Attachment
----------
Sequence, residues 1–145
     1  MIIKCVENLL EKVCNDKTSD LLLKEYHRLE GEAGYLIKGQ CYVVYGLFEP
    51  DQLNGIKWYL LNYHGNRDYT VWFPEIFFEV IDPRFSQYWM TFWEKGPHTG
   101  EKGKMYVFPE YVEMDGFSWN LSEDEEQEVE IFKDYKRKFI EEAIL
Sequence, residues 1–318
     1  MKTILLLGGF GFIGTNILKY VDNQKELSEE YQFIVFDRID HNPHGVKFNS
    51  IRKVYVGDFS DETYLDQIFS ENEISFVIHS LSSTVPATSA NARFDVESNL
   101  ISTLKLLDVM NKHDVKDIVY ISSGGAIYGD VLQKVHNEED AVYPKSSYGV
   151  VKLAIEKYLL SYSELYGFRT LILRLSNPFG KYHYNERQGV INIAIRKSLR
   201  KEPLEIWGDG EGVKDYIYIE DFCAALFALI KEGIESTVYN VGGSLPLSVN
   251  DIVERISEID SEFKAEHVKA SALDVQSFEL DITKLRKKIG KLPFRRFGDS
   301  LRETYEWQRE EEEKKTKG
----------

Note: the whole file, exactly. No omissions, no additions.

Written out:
Sequence, residues 1–145
     1  MIIKCVENLL EKVCNDKTSD LLLKEYHRLE GEAGYLIKGQ CYVVYGLFEP
    51  DQLNGIKWYL LNYHGNRDYT VWFPEIFFEV IDPRFSQYWM TFWEKGPHTG
   101  EKGKMYVFPE YVEMDGFSWN LSEDEEQEVE IFKDYKRKFI EEAIL
Sequence, residues 1–318
     1  MKTILLLGGF GFIGTNILKY VDNQKELSEE YQFIVFDRID HNPHGVKFNS
    51  IRKVYVGDFS DETYLDQIFS ENEISFVIHS LSSTVPATSA NARFDVESNL
   101  ISTLKLLDVM NKHDVKDIVY ISSGGAIYGD VLQKVHNEED AVYPKSSYGV
   151  VKLAIEKYLL SYSELYGFRT LILRLSNPFG KYHYNERQGV INIAIRKSLR
   201  KEPLEIWGDG EGVKDYIYIE DFCAALFALI KEGIESTVYN VGGSLPLSVN
   251  DIVERISEID SEFKAEHVKA SALDVQSFEL DITKLRKKIG KLPFRRFGDS
   301  LRETYEWQRE EEEKKTKG